PositiveLos Angeles Review of BooksAll the upheavals of 2020 perhaps make now the perfect time to read Yun Ko-eun’s latest novel, The Disaster Tourist ... The Disaster Tourist, translated by Lizzie Buehler, lays bare the inherent inauthenticity of the tourist experience — especially those that purport to be beneficial, even humanitarian, for the local community — and does so in a way that will make you creepily uncomfortable about all your past travel adventures.
PositiveLos Angeles Review of BooksWhen should one push herself for once, and when learn to take it easy already? Anelise Chen’s semi-autobiographical debut novel, So Many Olympic Exertions, takes on these questions with sly aplomb through a cheeky hybrid form ... the novel is also a philosophical text, as well as a meta-self-help book ... In addition to pop psych mantras and high-minded philosophical texts, major moments in sports history are painstakingly dissected and examined as part of Athena’s dissertation-writing labors. This is an effort to get to some bigger truth about what it means to succeed as a human, and gives rise to the most thought-provoking passages ... So Many Olympic Exertions manages to be a very funny book, because there’s so much incisive humor in the novel’s observations.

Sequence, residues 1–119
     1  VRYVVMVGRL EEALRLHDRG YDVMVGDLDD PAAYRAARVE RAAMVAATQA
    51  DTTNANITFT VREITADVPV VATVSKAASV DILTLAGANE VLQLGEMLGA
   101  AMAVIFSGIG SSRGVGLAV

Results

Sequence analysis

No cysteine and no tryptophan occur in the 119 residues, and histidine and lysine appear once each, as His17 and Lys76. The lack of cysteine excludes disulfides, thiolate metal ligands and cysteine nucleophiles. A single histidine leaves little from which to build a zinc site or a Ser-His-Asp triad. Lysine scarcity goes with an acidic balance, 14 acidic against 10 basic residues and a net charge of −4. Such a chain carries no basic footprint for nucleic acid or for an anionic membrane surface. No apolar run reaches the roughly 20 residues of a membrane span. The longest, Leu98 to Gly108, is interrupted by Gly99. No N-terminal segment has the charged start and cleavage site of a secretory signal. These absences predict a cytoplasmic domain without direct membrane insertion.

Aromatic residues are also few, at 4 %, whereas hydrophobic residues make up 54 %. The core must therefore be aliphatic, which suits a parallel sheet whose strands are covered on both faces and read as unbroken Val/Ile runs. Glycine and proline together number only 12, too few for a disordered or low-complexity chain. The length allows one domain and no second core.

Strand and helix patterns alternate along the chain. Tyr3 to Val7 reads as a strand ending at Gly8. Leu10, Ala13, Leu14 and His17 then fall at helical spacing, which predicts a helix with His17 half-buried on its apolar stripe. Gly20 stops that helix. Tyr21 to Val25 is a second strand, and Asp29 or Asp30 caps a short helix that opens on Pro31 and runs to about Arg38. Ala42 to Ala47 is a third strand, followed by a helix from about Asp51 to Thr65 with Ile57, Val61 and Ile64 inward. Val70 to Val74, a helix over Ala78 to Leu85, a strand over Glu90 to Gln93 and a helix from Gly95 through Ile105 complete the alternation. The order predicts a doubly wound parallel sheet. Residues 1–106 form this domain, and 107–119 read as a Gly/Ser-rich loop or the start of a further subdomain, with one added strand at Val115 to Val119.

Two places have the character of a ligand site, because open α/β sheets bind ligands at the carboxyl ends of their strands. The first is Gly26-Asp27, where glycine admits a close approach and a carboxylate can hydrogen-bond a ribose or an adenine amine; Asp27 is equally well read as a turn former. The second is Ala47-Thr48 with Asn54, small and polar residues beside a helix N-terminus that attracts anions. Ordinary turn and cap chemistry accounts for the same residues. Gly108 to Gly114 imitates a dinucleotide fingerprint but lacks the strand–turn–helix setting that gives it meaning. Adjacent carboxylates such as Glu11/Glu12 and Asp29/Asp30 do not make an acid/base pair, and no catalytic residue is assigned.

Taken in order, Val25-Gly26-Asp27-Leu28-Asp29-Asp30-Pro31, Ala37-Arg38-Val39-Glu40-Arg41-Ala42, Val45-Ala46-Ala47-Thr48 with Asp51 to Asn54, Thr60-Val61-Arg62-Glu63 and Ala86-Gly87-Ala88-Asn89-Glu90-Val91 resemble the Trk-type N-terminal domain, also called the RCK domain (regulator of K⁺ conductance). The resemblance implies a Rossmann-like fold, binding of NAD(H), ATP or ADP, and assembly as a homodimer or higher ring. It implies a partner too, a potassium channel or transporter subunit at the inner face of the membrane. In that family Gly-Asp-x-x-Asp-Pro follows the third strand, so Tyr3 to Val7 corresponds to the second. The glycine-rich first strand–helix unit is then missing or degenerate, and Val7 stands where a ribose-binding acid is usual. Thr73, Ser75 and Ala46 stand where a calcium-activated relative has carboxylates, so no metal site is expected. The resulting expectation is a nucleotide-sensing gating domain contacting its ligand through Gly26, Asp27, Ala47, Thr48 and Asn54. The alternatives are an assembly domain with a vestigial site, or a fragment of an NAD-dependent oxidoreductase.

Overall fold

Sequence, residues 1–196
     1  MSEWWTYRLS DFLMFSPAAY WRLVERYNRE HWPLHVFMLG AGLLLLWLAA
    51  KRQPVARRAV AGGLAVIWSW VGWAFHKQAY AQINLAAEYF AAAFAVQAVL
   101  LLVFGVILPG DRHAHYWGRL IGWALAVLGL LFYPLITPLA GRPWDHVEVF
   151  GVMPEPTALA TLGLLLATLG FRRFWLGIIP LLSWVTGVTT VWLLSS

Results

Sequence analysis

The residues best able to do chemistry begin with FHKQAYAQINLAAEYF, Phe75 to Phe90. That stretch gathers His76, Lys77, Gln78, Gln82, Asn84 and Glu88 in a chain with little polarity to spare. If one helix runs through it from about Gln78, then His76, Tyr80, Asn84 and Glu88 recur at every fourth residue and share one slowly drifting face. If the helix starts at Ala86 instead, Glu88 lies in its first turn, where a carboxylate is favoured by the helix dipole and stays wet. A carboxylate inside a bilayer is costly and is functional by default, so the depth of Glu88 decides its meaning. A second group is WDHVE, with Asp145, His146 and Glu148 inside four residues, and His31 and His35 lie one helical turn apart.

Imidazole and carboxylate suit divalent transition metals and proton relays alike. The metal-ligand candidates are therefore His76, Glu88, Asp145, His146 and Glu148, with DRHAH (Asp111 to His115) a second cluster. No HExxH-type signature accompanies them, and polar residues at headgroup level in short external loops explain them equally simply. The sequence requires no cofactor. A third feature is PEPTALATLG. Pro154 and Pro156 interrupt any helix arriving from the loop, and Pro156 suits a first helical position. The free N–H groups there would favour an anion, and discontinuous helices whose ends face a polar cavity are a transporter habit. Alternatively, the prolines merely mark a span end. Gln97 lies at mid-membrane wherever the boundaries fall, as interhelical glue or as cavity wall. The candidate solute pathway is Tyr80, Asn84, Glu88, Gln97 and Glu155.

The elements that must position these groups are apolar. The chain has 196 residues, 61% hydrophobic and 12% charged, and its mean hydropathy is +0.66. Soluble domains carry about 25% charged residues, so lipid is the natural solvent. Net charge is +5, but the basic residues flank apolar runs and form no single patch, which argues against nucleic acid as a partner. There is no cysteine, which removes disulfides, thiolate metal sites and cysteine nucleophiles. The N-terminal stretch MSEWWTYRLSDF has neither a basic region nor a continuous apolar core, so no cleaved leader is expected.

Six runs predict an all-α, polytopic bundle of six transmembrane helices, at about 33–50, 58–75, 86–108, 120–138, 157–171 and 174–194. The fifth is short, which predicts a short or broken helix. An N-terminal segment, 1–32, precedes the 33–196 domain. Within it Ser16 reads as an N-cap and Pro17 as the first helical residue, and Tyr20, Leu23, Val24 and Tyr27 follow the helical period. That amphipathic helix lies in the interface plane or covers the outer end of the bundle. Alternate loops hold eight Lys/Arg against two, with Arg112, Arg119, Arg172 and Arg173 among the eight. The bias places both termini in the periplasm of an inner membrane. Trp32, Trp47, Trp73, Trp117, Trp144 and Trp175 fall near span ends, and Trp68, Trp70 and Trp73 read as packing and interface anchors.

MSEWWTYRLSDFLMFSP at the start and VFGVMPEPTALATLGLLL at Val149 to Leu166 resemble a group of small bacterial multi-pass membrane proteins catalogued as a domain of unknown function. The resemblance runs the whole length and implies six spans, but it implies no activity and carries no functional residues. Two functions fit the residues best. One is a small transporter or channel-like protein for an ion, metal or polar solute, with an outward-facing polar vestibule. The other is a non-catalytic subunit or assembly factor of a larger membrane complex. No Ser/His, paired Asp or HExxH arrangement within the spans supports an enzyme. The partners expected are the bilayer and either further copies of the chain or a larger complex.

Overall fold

Lindsey Lee Johnson
MixedThe Los Angeles Review of Books...a novel that feels episodic in structure, in the manner of TV shows like Gossip Girl or The O.C., which feature privileged, discontented teenagers going through glamorous, larger-than-life problems. Like these TV shows, The Most Dangerous Place on Earth is high on melodrama and full of car accidents, drug abuse, and illicit sex ... Johnson makes a valiant effort to draw out the reader’s empathy for each of these characters...At times, though, the archetypes often feel so familiar that they fall into stereotypes ... Still, there are moments to admire in Johnson’s depictions of these students’ minds ... Because each student only gets one chapter, there’s limited room for background and buildup behind these dramatic endings ... Johnson’s novel portrays the self-involved world of teenagers very well, revealing just how buffered the wealthy are from the consequences of the mistakes they make.